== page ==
The European Commission published its roadmap on the European Health Data Space

On 23 December 2020, the European Commission published its roadmap/inception impact assessment on the European Health Data Space (EHDS), which is open for feedback until 3 February 2021. The document sets out the work plan of the European Commission to create a Regulatory Framework for the EHDS.

The published Roadmap provides the context, the main problems and objectives that the EHDS will aim to tackle, as well as policy options foreseen to meet the three core objectives.

1. Objective: Ensure access, share and optimal use of health data for healthcare delivery purposes as well as re-use for research and innovation, policy-making and regulatory activities.

 Policy options:
A. Establish a legal and governance framework to cover the access to and exchange of health data for healthcare provision, research, policy-making and regulatory activities;
B. Lower technical barriers hindering data use and re-use, in particular those related to infrastructure, interoperability, data quality and standards in the health field;
C. Ensure access and control of patients and citizens over their own health data

2. Objective: Foster a genuine single market in digital health covering digital health services and products, including tele-health, tele-monitoring and mobile health.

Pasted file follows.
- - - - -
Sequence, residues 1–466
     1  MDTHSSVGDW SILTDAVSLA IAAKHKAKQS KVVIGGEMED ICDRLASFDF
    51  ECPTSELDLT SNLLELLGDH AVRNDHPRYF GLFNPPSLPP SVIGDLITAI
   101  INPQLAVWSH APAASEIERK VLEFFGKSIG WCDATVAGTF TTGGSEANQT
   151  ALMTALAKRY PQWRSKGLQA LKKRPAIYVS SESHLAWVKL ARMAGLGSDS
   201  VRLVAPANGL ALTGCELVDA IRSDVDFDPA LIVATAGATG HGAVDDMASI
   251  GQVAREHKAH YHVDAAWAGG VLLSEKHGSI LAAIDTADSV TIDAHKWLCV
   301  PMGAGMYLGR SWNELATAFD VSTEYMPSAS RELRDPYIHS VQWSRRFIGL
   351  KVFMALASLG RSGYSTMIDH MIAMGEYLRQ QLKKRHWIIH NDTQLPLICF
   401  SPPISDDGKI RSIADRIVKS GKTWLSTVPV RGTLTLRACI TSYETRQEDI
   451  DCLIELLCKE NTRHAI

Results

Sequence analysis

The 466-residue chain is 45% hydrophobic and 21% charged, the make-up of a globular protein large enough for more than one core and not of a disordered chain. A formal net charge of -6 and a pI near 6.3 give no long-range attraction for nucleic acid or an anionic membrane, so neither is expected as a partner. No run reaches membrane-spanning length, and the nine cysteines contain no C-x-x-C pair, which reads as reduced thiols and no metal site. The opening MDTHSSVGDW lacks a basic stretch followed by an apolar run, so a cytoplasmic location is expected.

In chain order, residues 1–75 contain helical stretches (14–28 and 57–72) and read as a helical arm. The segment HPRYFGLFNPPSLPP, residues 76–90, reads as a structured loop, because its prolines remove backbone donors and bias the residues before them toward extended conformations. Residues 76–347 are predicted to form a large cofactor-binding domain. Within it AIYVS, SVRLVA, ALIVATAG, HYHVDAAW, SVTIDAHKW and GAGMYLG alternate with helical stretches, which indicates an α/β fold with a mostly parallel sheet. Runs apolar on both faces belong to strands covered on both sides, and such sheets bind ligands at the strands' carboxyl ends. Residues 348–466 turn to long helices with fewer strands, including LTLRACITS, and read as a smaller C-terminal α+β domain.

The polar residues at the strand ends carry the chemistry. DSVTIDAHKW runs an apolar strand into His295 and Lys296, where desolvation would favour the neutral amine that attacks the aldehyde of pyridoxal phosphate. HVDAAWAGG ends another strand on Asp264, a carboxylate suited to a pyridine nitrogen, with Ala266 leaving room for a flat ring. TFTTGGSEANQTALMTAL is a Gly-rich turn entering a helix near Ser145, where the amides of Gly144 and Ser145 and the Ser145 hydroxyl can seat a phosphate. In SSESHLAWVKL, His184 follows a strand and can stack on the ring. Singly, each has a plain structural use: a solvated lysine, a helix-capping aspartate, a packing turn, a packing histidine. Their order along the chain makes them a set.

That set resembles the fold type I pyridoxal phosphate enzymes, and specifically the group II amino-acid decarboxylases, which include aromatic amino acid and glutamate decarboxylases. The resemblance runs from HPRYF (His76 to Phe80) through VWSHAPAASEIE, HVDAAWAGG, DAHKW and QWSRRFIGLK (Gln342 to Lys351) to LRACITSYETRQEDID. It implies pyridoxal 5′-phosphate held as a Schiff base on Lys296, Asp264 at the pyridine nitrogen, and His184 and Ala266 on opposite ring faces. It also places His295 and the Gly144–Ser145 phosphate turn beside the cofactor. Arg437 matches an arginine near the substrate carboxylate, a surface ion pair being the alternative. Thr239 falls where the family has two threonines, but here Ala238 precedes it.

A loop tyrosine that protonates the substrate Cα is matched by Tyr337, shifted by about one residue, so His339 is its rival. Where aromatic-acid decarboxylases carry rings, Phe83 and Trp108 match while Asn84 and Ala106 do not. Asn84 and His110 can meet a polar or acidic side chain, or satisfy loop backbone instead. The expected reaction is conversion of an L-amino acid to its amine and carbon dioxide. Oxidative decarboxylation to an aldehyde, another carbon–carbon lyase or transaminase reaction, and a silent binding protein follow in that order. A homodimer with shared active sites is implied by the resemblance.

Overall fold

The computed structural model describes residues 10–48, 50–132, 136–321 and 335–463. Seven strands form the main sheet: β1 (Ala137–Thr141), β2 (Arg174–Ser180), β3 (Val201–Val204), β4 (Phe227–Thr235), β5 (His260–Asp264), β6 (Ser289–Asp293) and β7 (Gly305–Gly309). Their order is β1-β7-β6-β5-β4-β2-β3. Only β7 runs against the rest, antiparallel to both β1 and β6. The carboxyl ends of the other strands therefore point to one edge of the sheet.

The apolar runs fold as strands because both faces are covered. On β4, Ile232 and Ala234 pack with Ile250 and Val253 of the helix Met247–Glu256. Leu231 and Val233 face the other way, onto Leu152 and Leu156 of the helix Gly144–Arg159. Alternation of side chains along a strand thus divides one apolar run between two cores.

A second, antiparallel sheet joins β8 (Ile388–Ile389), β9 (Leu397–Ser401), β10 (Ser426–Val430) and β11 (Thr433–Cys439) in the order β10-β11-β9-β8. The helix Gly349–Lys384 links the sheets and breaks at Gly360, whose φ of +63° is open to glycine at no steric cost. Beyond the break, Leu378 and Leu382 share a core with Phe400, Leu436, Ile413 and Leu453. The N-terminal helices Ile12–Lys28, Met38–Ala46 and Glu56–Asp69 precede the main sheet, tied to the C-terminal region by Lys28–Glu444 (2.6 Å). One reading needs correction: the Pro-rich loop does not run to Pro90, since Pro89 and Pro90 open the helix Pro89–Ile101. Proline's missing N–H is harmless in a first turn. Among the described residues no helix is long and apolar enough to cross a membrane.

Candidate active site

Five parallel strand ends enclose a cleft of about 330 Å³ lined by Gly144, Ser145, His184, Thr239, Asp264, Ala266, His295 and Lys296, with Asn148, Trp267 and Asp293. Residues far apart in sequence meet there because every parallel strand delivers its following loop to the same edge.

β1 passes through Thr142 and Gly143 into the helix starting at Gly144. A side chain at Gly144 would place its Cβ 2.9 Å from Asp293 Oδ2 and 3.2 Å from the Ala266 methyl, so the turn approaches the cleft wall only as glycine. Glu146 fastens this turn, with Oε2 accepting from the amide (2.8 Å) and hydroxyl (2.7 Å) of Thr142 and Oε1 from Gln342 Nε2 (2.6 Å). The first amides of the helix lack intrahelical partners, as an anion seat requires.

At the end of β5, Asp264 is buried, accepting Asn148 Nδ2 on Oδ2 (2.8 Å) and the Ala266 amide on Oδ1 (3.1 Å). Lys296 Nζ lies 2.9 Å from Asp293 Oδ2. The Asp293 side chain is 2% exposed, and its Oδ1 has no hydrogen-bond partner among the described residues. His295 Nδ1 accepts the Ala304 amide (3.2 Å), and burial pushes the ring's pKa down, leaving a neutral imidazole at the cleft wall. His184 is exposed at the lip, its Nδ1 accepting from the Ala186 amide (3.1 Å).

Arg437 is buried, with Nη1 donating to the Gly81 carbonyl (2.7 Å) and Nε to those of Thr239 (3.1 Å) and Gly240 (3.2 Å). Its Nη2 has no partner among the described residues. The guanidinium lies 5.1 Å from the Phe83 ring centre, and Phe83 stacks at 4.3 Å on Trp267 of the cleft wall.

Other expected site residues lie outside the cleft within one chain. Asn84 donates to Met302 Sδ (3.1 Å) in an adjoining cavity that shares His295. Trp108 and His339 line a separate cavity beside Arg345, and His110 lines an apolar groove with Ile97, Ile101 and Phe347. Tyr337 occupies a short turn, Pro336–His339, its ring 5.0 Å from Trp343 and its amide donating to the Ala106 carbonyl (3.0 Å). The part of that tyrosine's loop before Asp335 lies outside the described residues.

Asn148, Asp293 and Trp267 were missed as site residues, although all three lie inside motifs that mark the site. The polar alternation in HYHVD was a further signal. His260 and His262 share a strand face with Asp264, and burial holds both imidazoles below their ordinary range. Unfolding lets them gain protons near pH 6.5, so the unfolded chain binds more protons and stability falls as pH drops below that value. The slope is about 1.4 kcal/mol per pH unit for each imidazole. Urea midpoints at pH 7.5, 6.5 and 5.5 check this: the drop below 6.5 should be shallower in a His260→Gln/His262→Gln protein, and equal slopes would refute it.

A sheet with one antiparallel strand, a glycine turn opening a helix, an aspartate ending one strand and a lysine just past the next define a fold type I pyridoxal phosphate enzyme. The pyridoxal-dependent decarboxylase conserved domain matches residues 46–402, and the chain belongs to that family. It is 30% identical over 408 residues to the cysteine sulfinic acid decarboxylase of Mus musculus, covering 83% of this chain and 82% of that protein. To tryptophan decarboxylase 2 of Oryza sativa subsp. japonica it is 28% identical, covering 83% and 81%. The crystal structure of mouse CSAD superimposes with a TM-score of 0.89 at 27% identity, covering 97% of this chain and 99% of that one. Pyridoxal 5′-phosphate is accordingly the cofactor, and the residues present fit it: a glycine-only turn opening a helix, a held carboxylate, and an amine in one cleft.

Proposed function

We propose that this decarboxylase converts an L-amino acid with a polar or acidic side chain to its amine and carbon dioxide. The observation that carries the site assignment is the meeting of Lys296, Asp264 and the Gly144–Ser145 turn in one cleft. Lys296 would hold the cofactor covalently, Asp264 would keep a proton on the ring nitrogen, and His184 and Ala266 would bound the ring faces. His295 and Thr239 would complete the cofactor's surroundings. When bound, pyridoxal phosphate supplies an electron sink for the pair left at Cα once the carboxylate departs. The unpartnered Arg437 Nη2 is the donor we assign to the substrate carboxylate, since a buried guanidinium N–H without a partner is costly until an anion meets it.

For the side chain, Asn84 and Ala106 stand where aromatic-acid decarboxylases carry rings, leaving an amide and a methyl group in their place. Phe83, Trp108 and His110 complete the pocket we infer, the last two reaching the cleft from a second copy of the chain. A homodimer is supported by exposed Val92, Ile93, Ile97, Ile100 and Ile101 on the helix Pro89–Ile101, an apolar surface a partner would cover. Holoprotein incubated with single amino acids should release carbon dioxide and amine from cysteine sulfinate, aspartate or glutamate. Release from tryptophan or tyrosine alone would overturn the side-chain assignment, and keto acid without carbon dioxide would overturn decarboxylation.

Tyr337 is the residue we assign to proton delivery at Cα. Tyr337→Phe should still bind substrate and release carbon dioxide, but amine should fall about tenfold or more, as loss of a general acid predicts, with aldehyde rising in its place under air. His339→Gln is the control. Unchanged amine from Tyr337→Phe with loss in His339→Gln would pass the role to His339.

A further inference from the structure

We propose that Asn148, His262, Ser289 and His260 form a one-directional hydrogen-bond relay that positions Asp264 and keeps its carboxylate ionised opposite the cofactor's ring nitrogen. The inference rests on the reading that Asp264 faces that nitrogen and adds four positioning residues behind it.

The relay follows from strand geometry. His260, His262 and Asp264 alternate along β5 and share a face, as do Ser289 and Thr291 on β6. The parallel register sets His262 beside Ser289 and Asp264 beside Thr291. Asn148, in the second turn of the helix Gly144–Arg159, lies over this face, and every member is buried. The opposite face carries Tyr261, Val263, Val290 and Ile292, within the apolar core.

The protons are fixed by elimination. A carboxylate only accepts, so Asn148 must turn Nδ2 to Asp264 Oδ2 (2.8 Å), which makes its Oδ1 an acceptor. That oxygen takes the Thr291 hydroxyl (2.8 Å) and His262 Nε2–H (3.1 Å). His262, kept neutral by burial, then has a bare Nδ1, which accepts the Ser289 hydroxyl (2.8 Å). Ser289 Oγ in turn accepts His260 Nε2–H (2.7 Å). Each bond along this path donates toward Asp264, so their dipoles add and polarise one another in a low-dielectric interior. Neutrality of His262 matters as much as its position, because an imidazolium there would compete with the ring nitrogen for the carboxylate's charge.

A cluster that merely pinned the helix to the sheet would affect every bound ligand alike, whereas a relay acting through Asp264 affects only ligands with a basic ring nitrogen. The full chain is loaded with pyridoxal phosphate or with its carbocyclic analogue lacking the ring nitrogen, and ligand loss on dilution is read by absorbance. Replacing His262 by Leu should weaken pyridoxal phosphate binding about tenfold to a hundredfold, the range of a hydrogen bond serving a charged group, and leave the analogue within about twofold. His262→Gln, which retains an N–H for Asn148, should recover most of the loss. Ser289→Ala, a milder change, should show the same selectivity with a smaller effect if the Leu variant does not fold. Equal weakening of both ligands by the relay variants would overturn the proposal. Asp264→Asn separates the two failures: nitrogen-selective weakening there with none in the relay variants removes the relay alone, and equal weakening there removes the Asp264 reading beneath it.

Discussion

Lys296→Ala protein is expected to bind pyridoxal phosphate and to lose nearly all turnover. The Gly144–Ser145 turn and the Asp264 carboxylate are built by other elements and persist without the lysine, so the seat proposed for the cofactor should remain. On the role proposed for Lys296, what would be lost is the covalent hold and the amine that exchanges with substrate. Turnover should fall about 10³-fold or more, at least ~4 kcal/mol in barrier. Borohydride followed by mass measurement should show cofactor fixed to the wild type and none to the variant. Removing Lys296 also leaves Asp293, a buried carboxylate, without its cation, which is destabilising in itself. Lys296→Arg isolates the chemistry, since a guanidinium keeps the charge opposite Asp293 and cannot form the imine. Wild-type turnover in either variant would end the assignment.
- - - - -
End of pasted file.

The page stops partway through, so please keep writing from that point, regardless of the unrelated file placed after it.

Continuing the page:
Policy option: Remove barriers to the cross-border movement of digital health services and products, including data-intensive ones, as well as to the rights of patients to benefit from those services and products, and their interoperability with electronic health records and healthcare systems.

3. Objective: Enhance the development, deployment and application of trustworthy digital health products and services, including those incorporating artificial intelligence (AI) in the area of health.

Policy option: Analyse liability rules related to the use of data-intensive services, including AI.

Next steps 


  • The launch of this consultation represents the first step in the creation of a new regulatory framework on health data that has been awaited by health stakeholders. With a massive mobilisation of digital health-related services over the past year, the importance of sharing health data is one of the Commission’s priorities for 2021.
  • The establishment of the EHDS is expected to have a significant effect on the developments of innovations in health business. Among other things, the Commission wants to push for innovations increasing the cost-effectiveness for patients and healthcare systems, optimising treatment options, facilitating personalised medicine and improving the monitoring of medicinal products and medical devices effectiveness and safety. 
  • The increase of researchers’ capability to access health data, both at national and trans-national level is a desired outcome of the EDHS. A special focus is therefore paid on ensuring an easier access to the secondary use of health data while respecting the EU data protection rules (GDPR).
  • The Commission’s general statement to support the uptake “digital health products and services”, with particular reference to AI-based services and products, remains very vague compared to the former European data strategy which provided specific reference to other applications ranging from AI to simulation, modelling, digital twins and high performance computing (HPC) resources. It might therefore be good calling to the European Commission to consider other mechanistic models next to phenomenological models (including AI). 

Date: 18/01/2021 | Tag: | News: 1157 of 1588
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